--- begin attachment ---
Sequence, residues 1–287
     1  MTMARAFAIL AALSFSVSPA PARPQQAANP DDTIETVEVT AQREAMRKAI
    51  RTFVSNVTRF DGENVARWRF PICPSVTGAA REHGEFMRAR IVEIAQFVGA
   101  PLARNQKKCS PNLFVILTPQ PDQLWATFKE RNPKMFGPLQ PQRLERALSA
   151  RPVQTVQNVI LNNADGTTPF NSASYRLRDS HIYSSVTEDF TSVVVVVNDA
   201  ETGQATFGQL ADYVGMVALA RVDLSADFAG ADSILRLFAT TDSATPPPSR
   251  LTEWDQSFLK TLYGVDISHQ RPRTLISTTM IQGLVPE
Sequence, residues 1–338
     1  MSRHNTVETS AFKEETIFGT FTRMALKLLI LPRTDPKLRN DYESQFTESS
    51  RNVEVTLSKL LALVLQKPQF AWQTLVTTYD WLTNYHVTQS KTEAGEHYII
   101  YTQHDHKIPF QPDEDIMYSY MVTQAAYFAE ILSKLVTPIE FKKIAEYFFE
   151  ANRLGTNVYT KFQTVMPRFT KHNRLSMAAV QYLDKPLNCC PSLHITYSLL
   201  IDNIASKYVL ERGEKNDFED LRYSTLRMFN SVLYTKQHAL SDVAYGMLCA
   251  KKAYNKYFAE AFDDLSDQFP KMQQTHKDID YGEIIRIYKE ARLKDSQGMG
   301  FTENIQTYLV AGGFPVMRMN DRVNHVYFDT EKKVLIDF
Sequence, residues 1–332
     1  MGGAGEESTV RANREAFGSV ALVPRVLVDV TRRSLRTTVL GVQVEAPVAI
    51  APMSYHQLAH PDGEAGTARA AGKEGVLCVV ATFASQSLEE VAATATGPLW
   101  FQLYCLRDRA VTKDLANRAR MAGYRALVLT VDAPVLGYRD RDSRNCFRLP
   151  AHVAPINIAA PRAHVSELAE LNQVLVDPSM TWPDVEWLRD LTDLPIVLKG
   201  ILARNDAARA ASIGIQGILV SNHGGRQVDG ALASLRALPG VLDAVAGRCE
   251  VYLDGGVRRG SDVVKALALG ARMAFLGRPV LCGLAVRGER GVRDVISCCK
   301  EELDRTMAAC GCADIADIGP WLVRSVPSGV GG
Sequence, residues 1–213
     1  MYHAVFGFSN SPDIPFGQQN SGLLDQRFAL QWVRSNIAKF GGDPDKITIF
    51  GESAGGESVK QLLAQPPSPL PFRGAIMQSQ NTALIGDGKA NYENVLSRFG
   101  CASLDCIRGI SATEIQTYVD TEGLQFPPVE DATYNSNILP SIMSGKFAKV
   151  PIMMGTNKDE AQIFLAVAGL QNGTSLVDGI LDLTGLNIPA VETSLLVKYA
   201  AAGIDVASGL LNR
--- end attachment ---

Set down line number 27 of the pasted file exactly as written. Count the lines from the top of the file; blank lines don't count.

   101  CASLDCIRGI SATEIQTYVD TEGLQFPPVE DATYNSNILP SIMSGKFAKV